This paper empirically assesses the widespread belief that Millennials are economically worse off than their parents’ generation, the Baby Boomers.
The research used US data from the 1979 and 1997 National Longitudinal Surveys of Youth to analyse the work and family life courses of Millennials and Baby Boomers from age 18 to 35, and then looked at how wealthy they were at the end of this period.
The researchers conclude that wealth is much more unequally distributed among Millennials than among Baby Boomers: although most Millennials have less wealth than Baby Boomers at the same age, the richest Millennials have more.
They showed that Millennials are less likely than their Baby Boomer counterparts to enter the high-status, well-paid jobs that are associated with wealth accumulation, and are more likely to work in low-skilled service jobs. There was also a marked decline between the cohorts in the traditional pattern of early marriage and parenthood.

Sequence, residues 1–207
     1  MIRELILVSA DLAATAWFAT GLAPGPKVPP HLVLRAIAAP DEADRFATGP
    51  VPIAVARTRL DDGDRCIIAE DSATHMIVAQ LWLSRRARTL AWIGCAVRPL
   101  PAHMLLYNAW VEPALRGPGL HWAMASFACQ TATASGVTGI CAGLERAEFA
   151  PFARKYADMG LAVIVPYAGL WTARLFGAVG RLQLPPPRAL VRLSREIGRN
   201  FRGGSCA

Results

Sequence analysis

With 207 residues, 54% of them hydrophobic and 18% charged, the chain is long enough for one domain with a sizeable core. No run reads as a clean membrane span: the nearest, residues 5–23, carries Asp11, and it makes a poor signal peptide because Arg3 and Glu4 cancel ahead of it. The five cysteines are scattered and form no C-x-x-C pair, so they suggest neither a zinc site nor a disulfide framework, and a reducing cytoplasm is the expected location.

The researchers say the work reveals a vicious cycle of polarisation in employment and family life and increasing economic inequality. This suggests that societal concerns about the economic well-being of Millennials are generally well-founded.
They recommend that policymakers consider interventions such as tax-reform, access to housing and health insurance, and the strengthening of workers’ rights, thereby enabling young American families to build assets and lead a more secure life.